I was flipping through their coffee table book Route 66 Sightingsand came across a picture of the Santo Domingo Indian Trading Post.  I had visited the post a number of years ago and even witnessed a trade between the proprietor and a Native American. Sadly the original structure has burned down. It has been rebuilt, but much of the history has been lost.

I met a Park Ranger who works at the Washita Battlefield near Cheyenne, Oklahoma. We talked about how the Sand Creek massacre triggered the Washita massacre. He said “If Sand Creek hadn’t happened, I wouldn’t have a job.”

I was able to speak to children about rescue horses and how they have new lives because someone loved them and believed they could be rehabilitated. And Miss Route 66 spoke of her students and wanting them to learn more about writing.

It was a weekend of joy. Three of my sisters drove up to buy our books and get them signed. They will never truly understand how much their support means to me.

I photographed old cars. (I wish I owned the T-Bird.) And I relived a scene from my childhood. The Blarney Inn is an older motel built in the three-sided design from the fifties and sixties. From the outside the inn didn’t look like much. It has had a face lift, and the rooms have been updated. The place was immaculate.

I guess this is my long-winded way of saying the weekend was a success. I signed books, I made contact with others who love history and want to preserve the pieces that can be salvaged. I met with people who love to write and want to teach others to enjoy the written word. I rediscovered what I’ve always known, reaching out to new people and new ideas helps me grow not only as a writer, but also as a person.

Mother Road

Outtakes 352

Mother Road

By Cait Collins


Our Time On Route 66 is a reality. Wordsmith Six has worked hard to create our stories about Route 66. The tales span the Depression Era to about five years in to the future. The stories trace the beginnings of the Mother Road to its replacement by the super highways. Different stories. Different points of view. One destination…the Tower Station and the U-Drop Inn located in Shamrock, Texas.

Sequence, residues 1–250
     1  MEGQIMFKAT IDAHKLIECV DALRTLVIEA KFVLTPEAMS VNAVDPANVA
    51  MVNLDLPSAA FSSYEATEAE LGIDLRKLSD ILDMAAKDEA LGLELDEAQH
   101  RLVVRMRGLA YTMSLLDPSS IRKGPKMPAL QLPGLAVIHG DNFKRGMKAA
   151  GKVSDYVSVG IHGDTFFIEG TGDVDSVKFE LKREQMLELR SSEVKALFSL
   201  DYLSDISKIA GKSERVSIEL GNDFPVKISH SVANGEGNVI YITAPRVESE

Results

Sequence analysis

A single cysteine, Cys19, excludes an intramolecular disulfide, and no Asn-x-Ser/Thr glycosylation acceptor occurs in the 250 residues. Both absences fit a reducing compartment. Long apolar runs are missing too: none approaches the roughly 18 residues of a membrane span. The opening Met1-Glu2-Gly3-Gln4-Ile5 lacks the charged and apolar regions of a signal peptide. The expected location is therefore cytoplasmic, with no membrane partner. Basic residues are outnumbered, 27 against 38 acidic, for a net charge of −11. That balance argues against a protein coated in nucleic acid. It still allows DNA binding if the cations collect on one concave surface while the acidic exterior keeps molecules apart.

Now we look forward to July 12-15 and the annual Route 66 Festival held this year in Shamrock, Texas. We will be selling and signing the book on Friday and Saturday. I’m looking forward to greeting visitors from around the world who love the Mother Road.

I have vague memories of Route 66 from my childhood. When Dad was transferred to St. John’s, Newfoundland, we traveled parts of the road. Dad was later transferred to Bangor, Maine, and we drove parts of Route 66. My most vivid memory is Burma Shave signs. I would love to make the trip again. I think it’s something I need to see with adult eyes. But for this weekend, I will see the road through the eyes of visitors.





Five unique short stories and novellas set on historic Route 66 in Texas:

  • A gripping story of family betrayal, deep despair, and a young girl’s courageous triumph. MAGGIE’S BETRAYAL by Natalie Bright
  • A young soldier leaves his new bride for war sharing their life through letters in this heartfelt story. WAITING by Rory C. Keel
  • A down-on-his luck cowboy sees opportunity in a young widow’s neglected ranch in 1944 Texas. SUDDEN TURNS by Joe Nichols
  • A Cherokee Chief predicts Mora O’Hara’s future as she travels The Mother Road seeking closure after a career related tragedy. SHOWDOWN AT U-DROP INN by Cait Collins
  • Raylen Dickey learns the difference between her friends, lovers, and enemies. FEAR OF HEIGHTS by Nandy Ekle


Five authors tell five different stories, through five different time periods, and all crossing the same place—the Tower Station and U-drop Inn.

Read it now!

Amazon       Apple iBooks        Barnes and Noble

Carpe Diem Publishers

You’ve Got To Pay the Bills

Outtakes 351

You’ve Got To Pay the Bills

By Cait Collins


When my dad asked me what I wanted to be when I grew up, I told him I wanted to be an actress.  He told me that acting jobs were hard to get.  There might be times when the money wasn’t coming in, so how would I pay the bills?

I didn’t have an answer, but I continued to study acting. I did okay. I won a “Best Actress” award for playing an insane woman, Type casting according to my sister. I was also inducted into Delta Psi Omega, a national acting fraternity. While I enjoyed acting, I realized I didn’t have the discipline or drive to act all the time. It’s fun for a while, but I wasn’t in love with the job.

So again my Dad asked what do you want to be? This time I told him I wanted to be a writer. I got the even good writers don’t always make it speech. And he followed the warning by saying, “You have to be able to pay your bills.”

My father died before I could show him how I could be a writer and pay the bills without having a book on the shelf in a book store. I have made a living writing for most of my adult life. I have three television documentaries to my credit and a local 13-week TV series. I’ve written commercial copy, news stories, training materials, sales handouts, two children’s plays, and served as the publicity chairperson for non-profits. I still make my living writing while I work toward my big break.

I may not have written the great American novel or even had a novel published. The point is I am a writer and I pay my bills by writing.